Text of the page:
Perhaps the most interesting thing about Dr. Ben Carson is the emerging possibility that he may be the springboard for moderate to conservative African-Americans to jump off and courageously face what I gather is considerable peer pressure and ridicule from their liberal brethren, both black and white.
Consider the following from Paul Middleton: “What a great article! Being stationed in Washington, D.C., for 10 of my Air Force years, I learned of Dr. Carson and his book, ‘Gifted Hands: The Ben Carson Story,’ before retiring in 1997. He is truly gifted and I’m not surprised of his conservative leaning. Many (fellow) African-Americans — my age and younger — fully understand and embrace many conservative principles. The problem historically is that we never got the love back unless we ‘repudiated’ other African-Americans of liberal persuasion. Dr. Carson’s approach of speaking directly to issues as opposed to speaking directly to or about a specific person has long been our preferred way of stating positions on political issues.
“Recognition of conservative African-Americans is long overdue.”
Jeanette Hardage has read the book and says that it should be an inspiration to anyone. “The story is especially good for teens and preteens,” she writes.
Much to my surprise (and embarrassment), I’m just now learning that Dr. Carson spoke at last year’s MUSC commencement program. I wasn’t in the least bit aware of Dr. Carson at the time, so even if I heard about his speech, it didn’t register.
Carson, of course, does have his critics. Rick Stringer writes, “He is a great doctor with a great life story. But he can’t save the Republican Party, which is on the wrong side of every major issue. His conflation of homosexuality to bestiality is troubling. His nonbelief in evolution is more troubling. But the clincher for me is his belief that the Earth is 6,000 years old. Mind boggling.”
He’s correct that Carson has made some poorly chosen remarks lately. Consequently, some of the backlash Carson has received precipitated his recent withdrawal as graduation speaker at the Johns Hopkins University School of Medicine, ceding to demands from students about his recent comments on gay marriage.
According to The Washington Post, Carson did mention bestiality and pedophilia while arguing against gay marriage.
“(Traditional marriage is) a well-established, fundamental pillar of society and no group — be they gays, be they NAMBLA, be they the people who believe in bestiality, it doesn’t matter what they are — they don’t get to change the definition,” Carson said in a Fox News interview, referencing the North American Man/Boy Love Association, which seeks to overturn pedophilia laws.
Carson apologized, but it was too late. Now certain elements of the left want to skewer him like a well-roasted shish kabab. The invective is ... well, decide for yourself.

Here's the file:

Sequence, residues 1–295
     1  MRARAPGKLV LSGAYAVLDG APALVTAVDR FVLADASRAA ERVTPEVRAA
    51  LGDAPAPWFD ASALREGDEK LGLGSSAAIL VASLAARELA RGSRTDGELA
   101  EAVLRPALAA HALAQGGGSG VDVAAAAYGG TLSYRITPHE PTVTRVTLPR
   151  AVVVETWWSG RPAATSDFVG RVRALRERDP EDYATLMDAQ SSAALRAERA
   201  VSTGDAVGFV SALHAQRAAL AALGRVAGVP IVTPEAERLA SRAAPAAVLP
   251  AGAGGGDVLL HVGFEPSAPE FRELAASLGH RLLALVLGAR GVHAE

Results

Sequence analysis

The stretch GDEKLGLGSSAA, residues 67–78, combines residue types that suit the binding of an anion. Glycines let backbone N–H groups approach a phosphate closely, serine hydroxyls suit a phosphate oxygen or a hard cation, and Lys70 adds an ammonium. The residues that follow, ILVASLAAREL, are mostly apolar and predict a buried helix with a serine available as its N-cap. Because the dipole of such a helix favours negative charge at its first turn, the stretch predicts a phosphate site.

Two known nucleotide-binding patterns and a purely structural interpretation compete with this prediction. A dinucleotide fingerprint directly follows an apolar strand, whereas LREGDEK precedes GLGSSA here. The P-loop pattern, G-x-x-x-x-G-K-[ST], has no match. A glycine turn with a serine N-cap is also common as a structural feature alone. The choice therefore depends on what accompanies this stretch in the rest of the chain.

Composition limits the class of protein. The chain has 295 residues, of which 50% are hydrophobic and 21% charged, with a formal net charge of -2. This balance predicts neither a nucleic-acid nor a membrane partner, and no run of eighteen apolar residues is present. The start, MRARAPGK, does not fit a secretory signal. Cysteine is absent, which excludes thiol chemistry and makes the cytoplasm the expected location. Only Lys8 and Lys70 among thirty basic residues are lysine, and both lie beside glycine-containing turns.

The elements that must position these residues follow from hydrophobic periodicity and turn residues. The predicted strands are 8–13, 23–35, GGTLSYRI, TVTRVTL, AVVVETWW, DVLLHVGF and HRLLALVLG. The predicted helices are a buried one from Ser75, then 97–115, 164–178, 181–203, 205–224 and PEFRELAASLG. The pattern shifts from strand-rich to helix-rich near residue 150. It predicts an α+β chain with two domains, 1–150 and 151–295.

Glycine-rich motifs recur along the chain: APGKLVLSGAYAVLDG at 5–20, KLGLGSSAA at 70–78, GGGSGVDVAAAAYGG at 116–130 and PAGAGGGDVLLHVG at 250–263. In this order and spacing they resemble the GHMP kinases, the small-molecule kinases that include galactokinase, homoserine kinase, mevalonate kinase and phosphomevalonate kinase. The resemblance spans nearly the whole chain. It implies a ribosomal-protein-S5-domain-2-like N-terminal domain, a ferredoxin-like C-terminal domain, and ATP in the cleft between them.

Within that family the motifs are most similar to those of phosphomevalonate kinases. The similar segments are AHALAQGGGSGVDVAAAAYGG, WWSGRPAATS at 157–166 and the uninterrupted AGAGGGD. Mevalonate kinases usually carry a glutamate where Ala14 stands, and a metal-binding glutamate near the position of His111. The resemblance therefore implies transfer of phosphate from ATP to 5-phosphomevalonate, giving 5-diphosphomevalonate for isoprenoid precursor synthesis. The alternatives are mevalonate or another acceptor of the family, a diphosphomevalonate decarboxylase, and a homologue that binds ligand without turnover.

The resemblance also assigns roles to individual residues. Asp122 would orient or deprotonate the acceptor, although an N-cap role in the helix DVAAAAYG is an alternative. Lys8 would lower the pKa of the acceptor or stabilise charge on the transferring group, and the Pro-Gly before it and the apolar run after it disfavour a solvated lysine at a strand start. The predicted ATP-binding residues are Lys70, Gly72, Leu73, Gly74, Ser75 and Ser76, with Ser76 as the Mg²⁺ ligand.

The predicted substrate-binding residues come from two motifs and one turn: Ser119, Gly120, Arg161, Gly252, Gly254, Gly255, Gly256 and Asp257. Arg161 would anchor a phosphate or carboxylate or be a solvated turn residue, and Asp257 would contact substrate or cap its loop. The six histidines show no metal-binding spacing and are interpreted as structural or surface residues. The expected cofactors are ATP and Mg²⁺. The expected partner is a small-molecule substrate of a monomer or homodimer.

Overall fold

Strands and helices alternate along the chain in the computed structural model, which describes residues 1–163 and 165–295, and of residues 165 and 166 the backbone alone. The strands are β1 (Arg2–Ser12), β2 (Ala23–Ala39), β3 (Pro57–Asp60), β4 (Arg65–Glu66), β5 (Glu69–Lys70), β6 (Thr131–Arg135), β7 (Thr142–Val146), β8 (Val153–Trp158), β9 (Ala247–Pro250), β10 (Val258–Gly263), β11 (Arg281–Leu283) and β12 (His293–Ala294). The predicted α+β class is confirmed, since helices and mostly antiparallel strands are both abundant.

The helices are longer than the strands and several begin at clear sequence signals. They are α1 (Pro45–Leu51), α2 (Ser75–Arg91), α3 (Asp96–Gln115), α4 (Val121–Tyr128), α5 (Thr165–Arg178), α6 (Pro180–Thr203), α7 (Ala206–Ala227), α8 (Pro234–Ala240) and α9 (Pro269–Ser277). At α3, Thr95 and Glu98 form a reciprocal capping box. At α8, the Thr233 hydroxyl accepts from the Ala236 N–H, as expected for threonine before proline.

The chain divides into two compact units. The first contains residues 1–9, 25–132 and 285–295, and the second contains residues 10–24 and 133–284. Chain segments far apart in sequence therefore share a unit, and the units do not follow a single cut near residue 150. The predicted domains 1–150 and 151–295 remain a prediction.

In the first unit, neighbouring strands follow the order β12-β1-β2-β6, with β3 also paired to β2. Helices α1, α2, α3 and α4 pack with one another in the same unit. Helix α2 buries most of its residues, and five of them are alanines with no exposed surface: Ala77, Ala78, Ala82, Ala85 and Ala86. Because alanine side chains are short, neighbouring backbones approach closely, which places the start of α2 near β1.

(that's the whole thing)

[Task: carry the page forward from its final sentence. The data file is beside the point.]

Another point of view
Consider excerpts from David Clark’s two-page, single-spaced manifesto: “The schadenfreude was tasty as I enjoyed your (column on Carson), even as concurrent events presented your hero as a complete horse’s ass. ... (His) faux apologies, of course, are of the typical conservative if-anyone-was-offended insincere type that neither acknowledge his error nor recognize its violence to others. ... I’d say that when your boss calls out your behavior using the language (Johns Hopkins Dean of Medicine Dr. Paul) Rothman did, then you probably ought to concentrate on the OR (operating room) work you’re good at, and not on your after-hours hobby of being a social provocateur and useful idiot for the Republicans”
Dr. Charles Summerall, on the other hand, regrets that Carson withdrew. “It should not have happened,” he writes. “Great persons should not, in spite of frequent recent examples, be penalized for their moral or political statements — as opposed to their moral behavior. A current S.C. example comes to mind.”
Another type of leader
The Citadel’s Col. Ben Legare told me an amusing anecdote relating to his 14- and 10-year-old grandsons. He had heard a talk by friend and classmate Gen. Bill Hartzog, in which the latter addressed the complexities of leadership, but remarked that any situation can be initially handled with a simplistic and yet effective leadership style: Look at the situation, focus on key elements of it and then take action.
Do that much and you’ve at least done something.
The colonel explained this to his 14-year-old grandson and it seemed to sink in.
A couple of weeks later, the family was out to dinner. The 10-year-old seemed to be having problems with the menu as the waitress approached to take their order. “Come on,” said his older brother. “Look at the menu, focus on what you like and take action.”
Edward M. Gilbreth is a Charleston physician. Reach him at edwardgilbreth@ comcast.net.
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